Every Heart a Doorway is a wonderfully enchanting read. It’s beautifully dark and feels lighthearted, yet touches on a number of primal, human emotions such as the senses of belonging and betrayal.
In Every Heart a Doorway, Seanan McGuire paints a beautiful picture of a school that accepts ‘damaged’ children. Only, these kids are damaged in the same sense as the Narnia children. These kids have found a way to access portals, to go to other worlds where their souls truly belong and then, for whatever reason, have been rejected. These ‘rejected’ children must learn to cope with life back here, in this realm where their parents assumed them missing or dead. While the children’s guardians are beside themselves with happiness to have their lost kids back, the children want little to do with their old lives and will spend as long as it takes, do whatever it takes, to return to what they believe is their true world.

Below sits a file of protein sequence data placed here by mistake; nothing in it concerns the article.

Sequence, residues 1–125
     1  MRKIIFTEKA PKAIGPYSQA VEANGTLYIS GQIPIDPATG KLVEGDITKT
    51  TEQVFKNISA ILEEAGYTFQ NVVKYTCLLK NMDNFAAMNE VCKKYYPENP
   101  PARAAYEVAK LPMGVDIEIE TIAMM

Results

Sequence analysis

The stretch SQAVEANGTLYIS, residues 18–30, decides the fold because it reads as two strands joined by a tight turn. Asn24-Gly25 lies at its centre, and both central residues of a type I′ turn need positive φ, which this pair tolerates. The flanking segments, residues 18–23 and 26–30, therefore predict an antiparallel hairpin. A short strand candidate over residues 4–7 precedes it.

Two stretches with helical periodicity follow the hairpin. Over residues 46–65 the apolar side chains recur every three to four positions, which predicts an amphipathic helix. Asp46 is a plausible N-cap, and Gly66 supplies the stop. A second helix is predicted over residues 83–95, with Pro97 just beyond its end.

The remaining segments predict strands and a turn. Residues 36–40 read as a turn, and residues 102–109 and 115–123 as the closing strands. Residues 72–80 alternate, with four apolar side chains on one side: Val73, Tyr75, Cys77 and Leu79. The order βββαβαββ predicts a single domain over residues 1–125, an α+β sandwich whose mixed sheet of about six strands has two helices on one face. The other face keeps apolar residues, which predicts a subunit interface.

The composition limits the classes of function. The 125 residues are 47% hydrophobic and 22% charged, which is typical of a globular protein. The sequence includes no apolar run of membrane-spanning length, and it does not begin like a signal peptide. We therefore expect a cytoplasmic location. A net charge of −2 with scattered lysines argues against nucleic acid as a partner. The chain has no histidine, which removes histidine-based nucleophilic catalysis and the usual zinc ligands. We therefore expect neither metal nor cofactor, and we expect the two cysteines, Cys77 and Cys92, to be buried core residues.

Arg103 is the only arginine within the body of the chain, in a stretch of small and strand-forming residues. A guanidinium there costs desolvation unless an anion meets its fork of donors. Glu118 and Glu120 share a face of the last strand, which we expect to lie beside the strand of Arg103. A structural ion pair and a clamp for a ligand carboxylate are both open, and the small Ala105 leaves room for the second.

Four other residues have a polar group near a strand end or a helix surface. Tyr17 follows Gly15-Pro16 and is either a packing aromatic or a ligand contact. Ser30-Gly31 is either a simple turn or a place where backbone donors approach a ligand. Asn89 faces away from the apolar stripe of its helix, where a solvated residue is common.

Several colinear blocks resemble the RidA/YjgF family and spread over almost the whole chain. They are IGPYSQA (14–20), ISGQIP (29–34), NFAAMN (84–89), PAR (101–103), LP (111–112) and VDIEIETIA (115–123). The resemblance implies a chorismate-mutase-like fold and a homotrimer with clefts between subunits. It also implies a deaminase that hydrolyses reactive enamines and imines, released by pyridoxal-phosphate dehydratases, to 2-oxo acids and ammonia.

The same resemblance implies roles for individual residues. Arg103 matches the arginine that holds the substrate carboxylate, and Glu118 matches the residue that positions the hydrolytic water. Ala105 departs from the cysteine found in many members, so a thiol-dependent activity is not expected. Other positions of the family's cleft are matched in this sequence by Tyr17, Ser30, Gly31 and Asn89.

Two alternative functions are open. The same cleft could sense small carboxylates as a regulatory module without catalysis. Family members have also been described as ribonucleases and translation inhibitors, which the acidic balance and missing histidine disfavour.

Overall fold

The kids speak endlessly of these other worlds and eventually, the parents have to find a place for them to go, to be away from society and maybe to “get better”. Eleanor West’s School for Wayward Children seems like the perfect fit.
And, for the children, Eleanor West’s school is a sanctuary, built as it was for the purpose of finding children who have gone into other worlds and then, for whatever reason, sent back. There are lessons to learn, friends to make and worlds to hunt for. The school is a sanctuary and for a long time, remains safe. Until the murders start.
This book runs in the same vein as the Harry Potter series and Miss Peregrine’s home for Peculiar Children. Really, though, I’d recommend it for anyone who has ever felt like this dimension is rather lacking. McGuire is able to not only understand what all our hearts crave, but how that craving could be sated. I highly encourage everyone to read this little novel.